The hike includes picture-worthy bridges, covered picnic tables a little less than half way up, and gorgeous lush greenery every step of the way.

Of the Lower, Middle, and Upper Falls, the Middle Falls are known for having the best view, so those who don’t want to make the most difficult part of the trek to the Upper Falls can take comfort knowing they’ve already seen the best the adventure has to offer.

Related read: The Ultimate Portland to Seattle Road Trip Itinerary

7. Steamboat Rock

Steamboat Rock eastern washington
Photo: Roman Khomlyak, Shutterstock

Why you should go: For 360-degree panoramas of Eastern Washington’s desert.

  • Nearest town: Electric City
  • Difficulty: Easy / Moderate
  • Distance: 6 miles
  • Elevation gain: 650 ft.
  • Pass Required: Discover Pass

This 600-acre butte extending into Banks Lake and reaching 800 feet above the water’s surface offers dazzling views in almost every direction. These views include the Colville National Forest and the Okanogan-Wenatchee National Forest, not to mention the surrounding canyons carved out by the Great Missoula Floods during the ice age. Depending on the season, the dappling of wildflowers along the trail will add to the wonder.

The initial ascent requires caution as you make your way up the scree, but the rest of the trail is mostly flat. Though the entire path is a six mile loop around the top of the butte, there is also a trail through the center of the plateau, allowing the option of cutting the hike in half.

Pro tip: those intrigued by engineering marvels will want to visit the nearby Grand Coulee Dam, which at more than four times the length of the Hoover Dam is one of the largest concrete structures in the world.

Related Read: 12 Best Washington Coast Camping Spots for a Peaceful Trip

8. Rialto Beach and Hole-in-the-Wall

Rialto Beach and Hole-in-the-Wall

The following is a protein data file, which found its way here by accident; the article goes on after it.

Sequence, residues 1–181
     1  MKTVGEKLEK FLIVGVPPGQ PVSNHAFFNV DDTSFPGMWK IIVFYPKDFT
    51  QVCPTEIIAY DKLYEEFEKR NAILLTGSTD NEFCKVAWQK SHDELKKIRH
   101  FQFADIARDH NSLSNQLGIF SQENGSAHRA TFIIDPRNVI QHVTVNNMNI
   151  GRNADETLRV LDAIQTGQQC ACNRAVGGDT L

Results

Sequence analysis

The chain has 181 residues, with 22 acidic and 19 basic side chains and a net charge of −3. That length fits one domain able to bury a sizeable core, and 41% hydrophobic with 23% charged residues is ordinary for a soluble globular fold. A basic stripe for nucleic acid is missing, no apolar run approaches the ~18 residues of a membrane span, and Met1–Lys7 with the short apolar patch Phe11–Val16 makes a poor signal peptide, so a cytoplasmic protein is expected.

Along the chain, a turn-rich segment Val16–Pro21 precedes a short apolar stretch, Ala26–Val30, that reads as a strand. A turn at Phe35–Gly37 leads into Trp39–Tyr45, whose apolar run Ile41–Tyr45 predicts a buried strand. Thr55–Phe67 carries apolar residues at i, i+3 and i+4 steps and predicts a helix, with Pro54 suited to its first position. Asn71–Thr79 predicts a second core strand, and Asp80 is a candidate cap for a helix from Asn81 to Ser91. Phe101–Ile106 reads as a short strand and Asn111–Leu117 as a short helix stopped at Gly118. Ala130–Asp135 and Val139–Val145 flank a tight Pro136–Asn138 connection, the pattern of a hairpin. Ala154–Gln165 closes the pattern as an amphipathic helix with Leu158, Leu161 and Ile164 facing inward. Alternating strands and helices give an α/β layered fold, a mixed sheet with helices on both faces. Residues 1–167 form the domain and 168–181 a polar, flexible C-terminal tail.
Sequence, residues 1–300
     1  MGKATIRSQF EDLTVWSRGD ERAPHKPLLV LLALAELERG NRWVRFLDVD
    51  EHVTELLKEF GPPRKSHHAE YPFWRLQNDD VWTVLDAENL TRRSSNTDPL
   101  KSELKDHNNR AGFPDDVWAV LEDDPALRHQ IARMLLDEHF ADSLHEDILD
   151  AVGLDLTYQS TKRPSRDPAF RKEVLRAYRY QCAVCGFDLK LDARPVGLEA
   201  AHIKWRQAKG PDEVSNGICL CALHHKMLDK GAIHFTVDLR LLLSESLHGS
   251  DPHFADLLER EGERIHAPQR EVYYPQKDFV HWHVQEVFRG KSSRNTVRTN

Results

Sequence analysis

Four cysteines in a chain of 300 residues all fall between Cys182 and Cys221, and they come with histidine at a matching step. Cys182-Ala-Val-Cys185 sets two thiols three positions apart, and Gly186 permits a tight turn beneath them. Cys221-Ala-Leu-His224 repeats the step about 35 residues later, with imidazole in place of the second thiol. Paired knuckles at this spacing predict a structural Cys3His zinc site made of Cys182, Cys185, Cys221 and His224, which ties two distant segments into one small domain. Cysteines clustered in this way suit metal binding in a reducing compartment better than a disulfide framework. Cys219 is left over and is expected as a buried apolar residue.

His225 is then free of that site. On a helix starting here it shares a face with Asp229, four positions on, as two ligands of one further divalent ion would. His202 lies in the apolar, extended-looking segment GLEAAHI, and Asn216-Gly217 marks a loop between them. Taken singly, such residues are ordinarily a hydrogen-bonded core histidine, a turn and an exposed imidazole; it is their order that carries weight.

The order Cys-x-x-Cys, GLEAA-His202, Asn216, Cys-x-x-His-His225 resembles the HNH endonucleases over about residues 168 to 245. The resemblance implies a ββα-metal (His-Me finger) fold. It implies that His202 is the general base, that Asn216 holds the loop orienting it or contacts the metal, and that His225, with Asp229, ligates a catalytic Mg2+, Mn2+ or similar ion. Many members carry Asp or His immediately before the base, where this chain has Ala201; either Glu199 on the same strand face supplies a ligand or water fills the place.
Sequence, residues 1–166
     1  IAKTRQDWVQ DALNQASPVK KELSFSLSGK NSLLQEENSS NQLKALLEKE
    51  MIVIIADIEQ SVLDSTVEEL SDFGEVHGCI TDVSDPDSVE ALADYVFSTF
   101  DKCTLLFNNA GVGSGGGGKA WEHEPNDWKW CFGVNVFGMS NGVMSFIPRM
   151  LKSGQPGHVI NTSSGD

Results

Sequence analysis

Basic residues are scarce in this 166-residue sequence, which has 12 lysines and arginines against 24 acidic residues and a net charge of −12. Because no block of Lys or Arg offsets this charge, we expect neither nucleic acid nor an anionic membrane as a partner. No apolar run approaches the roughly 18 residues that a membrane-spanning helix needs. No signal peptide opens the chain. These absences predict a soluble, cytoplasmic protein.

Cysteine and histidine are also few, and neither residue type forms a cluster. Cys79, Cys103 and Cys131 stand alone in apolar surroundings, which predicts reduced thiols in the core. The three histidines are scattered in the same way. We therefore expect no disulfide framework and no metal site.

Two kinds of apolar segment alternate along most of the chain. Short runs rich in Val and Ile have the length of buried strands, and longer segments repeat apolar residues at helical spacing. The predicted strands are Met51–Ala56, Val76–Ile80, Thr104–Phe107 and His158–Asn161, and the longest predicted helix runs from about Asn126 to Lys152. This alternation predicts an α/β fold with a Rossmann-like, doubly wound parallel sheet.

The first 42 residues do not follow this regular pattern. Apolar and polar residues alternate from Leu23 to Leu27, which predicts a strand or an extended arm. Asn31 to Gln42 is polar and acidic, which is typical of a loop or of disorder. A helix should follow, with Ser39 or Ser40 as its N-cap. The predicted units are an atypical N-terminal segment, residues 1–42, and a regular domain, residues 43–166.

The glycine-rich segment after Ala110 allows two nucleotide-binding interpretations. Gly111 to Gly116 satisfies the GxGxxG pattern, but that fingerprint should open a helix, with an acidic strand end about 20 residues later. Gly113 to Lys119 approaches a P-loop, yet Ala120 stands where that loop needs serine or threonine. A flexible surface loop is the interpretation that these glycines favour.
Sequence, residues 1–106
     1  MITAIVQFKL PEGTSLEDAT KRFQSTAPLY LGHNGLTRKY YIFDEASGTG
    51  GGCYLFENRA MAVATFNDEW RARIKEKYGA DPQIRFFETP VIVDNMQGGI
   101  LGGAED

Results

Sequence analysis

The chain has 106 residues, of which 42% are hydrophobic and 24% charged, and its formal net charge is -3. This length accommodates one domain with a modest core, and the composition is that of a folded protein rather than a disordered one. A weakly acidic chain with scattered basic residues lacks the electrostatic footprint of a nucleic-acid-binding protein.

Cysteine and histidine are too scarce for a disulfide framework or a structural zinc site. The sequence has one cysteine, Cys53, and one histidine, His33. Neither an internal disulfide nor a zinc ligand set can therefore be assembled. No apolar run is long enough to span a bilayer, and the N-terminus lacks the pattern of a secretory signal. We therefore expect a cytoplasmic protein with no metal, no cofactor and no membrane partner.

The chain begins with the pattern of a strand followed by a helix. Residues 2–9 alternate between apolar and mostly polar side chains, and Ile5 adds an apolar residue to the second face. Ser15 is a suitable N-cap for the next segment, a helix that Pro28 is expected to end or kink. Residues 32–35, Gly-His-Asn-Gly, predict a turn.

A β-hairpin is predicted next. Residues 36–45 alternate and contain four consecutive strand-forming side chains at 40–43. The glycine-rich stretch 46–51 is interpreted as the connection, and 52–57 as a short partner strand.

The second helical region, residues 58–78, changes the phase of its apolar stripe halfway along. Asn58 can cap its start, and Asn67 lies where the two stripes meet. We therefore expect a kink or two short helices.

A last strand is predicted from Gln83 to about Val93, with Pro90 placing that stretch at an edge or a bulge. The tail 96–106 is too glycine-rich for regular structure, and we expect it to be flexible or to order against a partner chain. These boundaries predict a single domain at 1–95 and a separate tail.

Photo: Evan Sloyka, Shutterstock

Why you should go: Gorgeous photo op and beach walk along the Pacific Ocean.

  • Nearest town: Forks
  • Difficulty: Easy
  • Distance: 4 miles
  • Elevation gain: none
  • Pass Required: National Park entrance fee

Though perfect for kids, this beach hike inside Olympic National Park will require you to leave your four-legged friends at home. Walking along the beach, keep an eye out both in the ocean for creatures like whales and otters as well as at your feet for tide pools! Halfway to Hole-in-the-Wall, cross Ellen Creek, either by walking through it or over a log crossing.

A low tide will allow exploration under the arch of the ever photo-ready Hole-in-the-Wall, though if the tide is high, views above the arch are also beautiful. You can look up tide tables ahead of time to plan accordingly.

Pro tip: road trip enthusiasts will enjoy the famously scenic Highway 101 that gets you here while vampire fans will be happy to visit the nearby town of Forks.

Related read: A Winter Guide to Visiting Olympic National Park

9. Hoh River Trail

Hoh River Trail washington
Photo: Nancy Strohm, Shutterstock

Why you should go: Explore North America’s only temperate rainforest.

  • Nearest town: Forks
  • Difficulty: Easy – Challenging
  • Distance: 3 to 35 miles
  • Elevation gain: 100 to 3,700 feet
  • Pass Required: National Park Pass

If you’re looking for magic, this trail is the place to find it. In the shadow of the Olympic Mountains, explore a million shades of green in one of Washington’s most unique ecosystems.

Like Rialto Beach, the Hoh River Trail is part of the Olympic National Park, so no pets are allowed. Though the best season for this hike is April through October, it’s also open and much less crowded during the winter.

The path technically extends 17.4 miles one-way, though there are many natural stopping points along the route, so it’s an easy hike to make as short or long as you’d like. The first 13 miles or so are mostly flat, too.

Related read: 8 Easy Day Hikes in Olympic National Park, Washington